The Effects of Goal Setting, Self-Efficacy, Competition, and Personal Traits on the Performance of an Endurance Task

in Journal of Sport and Exercise Psychology
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  • 1 West Virginia University
  • 2 University of Maryland
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This study investigated the effects of goal setting, self-efficacy, competition, and personality on the performance of a sit-up task. Prior to testing, participants were administered the Sport Orientation Questionnaire (SOQ; Gill & Deeter, 1988). Using a 2 × 2 + 1 design, 60 participants were randomly assigned to one of four conditions: (a) competition, medium goal; (b) competition, high goal; (c) no competition, medium goal; and (d) no competition, high goal. A fifth group from the same population (n = 15) was added and served as the do-best comparison group. The main effect of goal level was borderline significant (p < .059), and this effect was fully mediated by personal goal level and self-efficacy. Also, both the medium and hard goal groups significantly outperformed the do-best group. Competition did not affect performance, personal goals, commitment, or self-efficacy. The SOQ was significantly related to performance, but its effects were fully mediated by personal goals and self-efficacy.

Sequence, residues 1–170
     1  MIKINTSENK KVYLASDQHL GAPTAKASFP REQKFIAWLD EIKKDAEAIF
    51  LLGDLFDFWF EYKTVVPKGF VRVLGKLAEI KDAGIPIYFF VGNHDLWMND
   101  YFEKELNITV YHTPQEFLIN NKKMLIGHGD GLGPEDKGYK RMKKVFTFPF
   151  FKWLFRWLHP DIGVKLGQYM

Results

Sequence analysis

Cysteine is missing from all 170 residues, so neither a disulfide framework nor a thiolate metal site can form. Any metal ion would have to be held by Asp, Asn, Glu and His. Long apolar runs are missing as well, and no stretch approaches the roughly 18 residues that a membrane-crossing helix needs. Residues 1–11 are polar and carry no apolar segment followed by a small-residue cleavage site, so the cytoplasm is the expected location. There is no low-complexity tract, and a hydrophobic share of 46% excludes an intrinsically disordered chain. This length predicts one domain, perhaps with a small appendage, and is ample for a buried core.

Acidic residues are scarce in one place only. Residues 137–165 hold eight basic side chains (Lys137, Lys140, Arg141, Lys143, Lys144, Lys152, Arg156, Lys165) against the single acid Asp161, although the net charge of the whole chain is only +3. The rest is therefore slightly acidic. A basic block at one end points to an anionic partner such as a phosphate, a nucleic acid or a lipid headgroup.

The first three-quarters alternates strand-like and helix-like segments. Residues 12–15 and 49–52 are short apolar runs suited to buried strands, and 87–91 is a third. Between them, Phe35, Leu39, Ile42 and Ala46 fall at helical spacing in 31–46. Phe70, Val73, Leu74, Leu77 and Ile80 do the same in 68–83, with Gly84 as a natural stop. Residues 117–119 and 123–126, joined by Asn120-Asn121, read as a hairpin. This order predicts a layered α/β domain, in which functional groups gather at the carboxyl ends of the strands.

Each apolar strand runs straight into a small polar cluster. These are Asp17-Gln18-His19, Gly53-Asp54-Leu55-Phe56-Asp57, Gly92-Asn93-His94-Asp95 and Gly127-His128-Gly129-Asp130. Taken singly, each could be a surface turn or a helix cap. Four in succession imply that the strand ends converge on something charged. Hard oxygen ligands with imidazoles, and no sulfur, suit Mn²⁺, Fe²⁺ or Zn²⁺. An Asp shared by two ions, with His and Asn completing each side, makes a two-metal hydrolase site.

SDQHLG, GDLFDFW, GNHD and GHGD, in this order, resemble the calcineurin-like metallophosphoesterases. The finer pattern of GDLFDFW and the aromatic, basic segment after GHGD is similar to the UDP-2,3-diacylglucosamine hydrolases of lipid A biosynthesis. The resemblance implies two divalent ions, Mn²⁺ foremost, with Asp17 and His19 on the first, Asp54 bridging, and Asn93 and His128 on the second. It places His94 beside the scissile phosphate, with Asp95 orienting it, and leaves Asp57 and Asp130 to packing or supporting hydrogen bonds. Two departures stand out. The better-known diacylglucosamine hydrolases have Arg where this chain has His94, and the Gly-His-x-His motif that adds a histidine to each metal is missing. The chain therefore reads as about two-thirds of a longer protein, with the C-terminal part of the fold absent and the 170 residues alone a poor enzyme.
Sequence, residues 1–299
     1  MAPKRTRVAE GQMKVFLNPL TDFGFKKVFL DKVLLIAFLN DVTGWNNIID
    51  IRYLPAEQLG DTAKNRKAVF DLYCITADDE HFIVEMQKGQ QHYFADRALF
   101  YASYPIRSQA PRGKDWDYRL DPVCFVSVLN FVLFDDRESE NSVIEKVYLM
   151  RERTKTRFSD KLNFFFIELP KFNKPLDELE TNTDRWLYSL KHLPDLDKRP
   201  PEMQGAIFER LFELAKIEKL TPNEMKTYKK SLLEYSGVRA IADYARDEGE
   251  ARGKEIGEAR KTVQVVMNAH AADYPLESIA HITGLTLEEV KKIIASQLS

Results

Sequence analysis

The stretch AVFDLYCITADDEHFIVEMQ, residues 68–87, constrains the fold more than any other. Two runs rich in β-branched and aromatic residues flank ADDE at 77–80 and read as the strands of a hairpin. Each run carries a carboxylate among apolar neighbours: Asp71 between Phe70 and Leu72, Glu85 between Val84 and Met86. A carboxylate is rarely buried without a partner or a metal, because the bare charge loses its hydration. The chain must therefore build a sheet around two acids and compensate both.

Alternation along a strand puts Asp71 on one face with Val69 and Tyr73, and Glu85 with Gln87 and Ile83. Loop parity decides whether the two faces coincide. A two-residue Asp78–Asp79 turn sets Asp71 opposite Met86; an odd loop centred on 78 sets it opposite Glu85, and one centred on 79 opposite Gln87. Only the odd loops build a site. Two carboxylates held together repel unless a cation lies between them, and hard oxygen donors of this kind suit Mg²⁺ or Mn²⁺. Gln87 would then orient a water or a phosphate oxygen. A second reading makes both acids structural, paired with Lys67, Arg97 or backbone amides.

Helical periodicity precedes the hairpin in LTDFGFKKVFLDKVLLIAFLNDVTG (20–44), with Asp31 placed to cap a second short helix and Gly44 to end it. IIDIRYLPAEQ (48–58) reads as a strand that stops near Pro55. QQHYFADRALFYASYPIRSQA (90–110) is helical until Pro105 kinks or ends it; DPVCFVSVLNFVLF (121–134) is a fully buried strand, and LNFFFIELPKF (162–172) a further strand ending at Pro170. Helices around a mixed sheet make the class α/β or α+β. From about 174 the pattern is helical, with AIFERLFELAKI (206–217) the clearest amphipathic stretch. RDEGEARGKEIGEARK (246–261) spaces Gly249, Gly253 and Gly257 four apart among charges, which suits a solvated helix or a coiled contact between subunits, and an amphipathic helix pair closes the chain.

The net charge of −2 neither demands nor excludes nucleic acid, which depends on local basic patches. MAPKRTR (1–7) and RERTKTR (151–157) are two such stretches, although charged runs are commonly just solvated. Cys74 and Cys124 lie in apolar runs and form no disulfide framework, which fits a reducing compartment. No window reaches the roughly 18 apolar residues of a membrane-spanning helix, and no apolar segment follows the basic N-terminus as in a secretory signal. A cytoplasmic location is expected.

Bart S. Lerner is with the Department of Sport Behavior at West Virginia University, P.O. Box 61 16, Morgantown, WV 26506. Edwin A. Locke is with the College of Business and Management at the University of Maryland, College Park, MD 20742.

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